At Tuesday’s hearing on Texas v. Azar, pursued by 18 states and two individuals, questions by two judges signaled that the Affordable Care Act (ACA or ObamaCare) could be in peril.
Seven months ago, District Judge Reed O’Connor held all of ACA to be unconstitutional. Since Congress zeroed out the tax penalty for failing to buy ACA-compliant insurance, the sole support for the otherwise-unconstitutional individual mandate—the taxing power of Congress—was gone. The guaranteed issue, community rating, and “minimum essential benefits” requirements would make ACA insurance unaffordable unless low-risk persons were compelled to purchase it, according to ACA architects and advocates. Hence, ACA would not have passed without the individual mandate, which is thus not severable from the rest of the law, ruled Judge O’Connor.
The Trump Administration has declined to defend the constitutionality of the law.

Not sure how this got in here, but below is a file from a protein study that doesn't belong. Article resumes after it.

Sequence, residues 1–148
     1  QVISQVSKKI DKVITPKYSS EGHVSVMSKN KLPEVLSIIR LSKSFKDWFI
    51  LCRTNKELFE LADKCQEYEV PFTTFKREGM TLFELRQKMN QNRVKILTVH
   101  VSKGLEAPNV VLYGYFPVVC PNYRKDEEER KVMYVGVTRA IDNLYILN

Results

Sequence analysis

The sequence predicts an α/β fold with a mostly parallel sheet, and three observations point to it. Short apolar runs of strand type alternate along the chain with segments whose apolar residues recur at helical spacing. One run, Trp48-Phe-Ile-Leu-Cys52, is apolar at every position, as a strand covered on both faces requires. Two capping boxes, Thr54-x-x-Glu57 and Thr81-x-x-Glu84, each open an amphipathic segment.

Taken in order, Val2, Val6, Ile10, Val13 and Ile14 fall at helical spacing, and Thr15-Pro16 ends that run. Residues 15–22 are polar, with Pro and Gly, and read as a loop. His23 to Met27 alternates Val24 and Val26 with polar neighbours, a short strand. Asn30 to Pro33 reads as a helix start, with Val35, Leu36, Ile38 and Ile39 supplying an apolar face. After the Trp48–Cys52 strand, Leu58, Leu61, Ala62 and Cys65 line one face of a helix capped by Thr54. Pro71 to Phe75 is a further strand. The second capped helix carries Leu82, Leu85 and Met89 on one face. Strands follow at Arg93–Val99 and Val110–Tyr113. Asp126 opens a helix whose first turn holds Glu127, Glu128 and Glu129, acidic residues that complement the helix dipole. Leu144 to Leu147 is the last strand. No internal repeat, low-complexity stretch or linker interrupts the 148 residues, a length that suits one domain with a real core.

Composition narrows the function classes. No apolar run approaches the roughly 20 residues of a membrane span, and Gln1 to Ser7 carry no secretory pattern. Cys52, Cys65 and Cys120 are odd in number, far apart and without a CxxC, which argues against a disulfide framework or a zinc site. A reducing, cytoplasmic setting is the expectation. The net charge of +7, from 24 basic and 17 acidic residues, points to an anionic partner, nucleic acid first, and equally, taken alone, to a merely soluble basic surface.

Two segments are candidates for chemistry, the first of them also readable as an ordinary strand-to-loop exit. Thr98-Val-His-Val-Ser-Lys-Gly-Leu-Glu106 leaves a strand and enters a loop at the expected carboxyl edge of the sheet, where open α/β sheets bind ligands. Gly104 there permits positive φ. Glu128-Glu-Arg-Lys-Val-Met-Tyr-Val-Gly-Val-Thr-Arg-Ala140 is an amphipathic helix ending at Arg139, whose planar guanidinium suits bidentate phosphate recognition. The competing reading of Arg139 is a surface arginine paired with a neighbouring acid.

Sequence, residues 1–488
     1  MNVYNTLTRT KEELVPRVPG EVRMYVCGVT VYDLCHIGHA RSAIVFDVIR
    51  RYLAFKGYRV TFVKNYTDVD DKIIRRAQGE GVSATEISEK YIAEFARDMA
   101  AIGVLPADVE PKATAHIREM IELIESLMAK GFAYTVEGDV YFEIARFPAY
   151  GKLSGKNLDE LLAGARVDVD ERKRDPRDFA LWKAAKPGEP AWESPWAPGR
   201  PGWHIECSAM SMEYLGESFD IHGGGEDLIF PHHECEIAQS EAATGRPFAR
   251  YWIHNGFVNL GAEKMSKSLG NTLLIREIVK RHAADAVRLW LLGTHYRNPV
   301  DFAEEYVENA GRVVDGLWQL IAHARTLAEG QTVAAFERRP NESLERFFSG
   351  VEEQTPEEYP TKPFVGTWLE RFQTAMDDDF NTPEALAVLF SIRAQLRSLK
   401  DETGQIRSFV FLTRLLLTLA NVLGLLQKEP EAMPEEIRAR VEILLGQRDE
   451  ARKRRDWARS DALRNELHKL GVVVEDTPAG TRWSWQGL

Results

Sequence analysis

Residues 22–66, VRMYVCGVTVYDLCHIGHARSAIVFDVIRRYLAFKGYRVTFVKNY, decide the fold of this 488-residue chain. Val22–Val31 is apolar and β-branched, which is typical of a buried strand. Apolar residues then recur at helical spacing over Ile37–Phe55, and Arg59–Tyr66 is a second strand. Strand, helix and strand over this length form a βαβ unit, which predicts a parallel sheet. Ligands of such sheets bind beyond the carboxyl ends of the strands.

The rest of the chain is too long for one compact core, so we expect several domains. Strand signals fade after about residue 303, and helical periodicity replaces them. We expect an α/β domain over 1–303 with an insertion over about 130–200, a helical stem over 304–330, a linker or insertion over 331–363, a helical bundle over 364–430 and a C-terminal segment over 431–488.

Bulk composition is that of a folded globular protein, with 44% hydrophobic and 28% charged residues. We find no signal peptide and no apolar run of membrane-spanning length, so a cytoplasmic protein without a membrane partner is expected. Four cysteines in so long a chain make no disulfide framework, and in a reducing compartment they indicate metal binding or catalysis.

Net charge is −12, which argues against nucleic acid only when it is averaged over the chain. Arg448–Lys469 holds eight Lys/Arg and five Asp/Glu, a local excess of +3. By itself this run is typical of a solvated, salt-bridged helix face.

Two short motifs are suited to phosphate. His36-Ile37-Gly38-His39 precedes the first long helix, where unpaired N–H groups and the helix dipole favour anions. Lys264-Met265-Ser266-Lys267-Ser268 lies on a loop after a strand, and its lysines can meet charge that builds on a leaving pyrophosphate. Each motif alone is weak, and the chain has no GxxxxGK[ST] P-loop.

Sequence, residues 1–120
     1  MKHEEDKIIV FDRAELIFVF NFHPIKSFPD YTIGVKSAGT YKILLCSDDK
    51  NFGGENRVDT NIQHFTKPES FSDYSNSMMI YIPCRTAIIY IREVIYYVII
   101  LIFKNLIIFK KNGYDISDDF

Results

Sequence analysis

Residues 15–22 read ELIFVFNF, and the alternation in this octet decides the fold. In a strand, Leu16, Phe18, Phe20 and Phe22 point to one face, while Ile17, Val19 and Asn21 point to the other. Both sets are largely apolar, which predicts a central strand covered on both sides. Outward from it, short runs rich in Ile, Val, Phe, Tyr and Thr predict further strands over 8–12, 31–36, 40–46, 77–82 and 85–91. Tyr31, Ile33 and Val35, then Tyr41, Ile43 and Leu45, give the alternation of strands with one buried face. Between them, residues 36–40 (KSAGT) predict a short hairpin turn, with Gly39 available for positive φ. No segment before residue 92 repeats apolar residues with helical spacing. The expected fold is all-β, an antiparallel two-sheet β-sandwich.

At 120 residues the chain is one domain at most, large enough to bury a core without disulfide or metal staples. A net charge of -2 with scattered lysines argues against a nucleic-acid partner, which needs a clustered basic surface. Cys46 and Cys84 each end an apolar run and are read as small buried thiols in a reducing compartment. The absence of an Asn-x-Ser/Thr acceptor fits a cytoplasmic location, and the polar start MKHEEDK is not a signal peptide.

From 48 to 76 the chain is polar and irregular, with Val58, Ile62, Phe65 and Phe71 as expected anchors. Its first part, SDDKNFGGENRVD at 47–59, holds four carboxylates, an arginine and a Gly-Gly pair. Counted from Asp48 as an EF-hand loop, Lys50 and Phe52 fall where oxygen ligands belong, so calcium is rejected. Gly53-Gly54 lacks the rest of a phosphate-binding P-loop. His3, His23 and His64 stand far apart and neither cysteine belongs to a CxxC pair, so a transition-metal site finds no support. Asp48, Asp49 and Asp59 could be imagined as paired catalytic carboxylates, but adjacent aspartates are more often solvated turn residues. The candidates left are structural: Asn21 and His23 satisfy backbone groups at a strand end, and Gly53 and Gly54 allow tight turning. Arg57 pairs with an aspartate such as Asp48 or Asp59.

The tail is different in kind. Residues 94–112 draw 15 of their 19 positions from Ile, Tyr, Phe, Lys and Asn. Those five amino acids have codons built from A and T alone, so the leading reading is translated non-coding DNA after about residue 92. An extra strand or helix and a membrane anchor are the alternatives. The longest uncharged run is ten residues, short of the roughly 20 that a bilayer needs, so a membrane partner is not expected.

Intervenors—states led by California, along with the U.S. House of Representatives—argued in favor of the law. They contend that it is the Court’s duty to uphold the constitutionality of laws passed by Congress if at all possible.
In its amicus brief supporting plaintiffs, the Association of American Physicians and Surgeons (AAPS) argued that the Appellants lacked standing to bring the appeal as they could not stand in the shoes of the United States.
The Court asked intervenors how they could assert standing to support the law, especially while complaining that Plaintiffs lacked standing to challenge it.
Judges also asked how the Court could determine congressional intent other than by reading the law it passed, and whether persons were simply free to disregard a law saying they “shall” do something, as long as they don’t suffer a penalty.
For more information, see press release.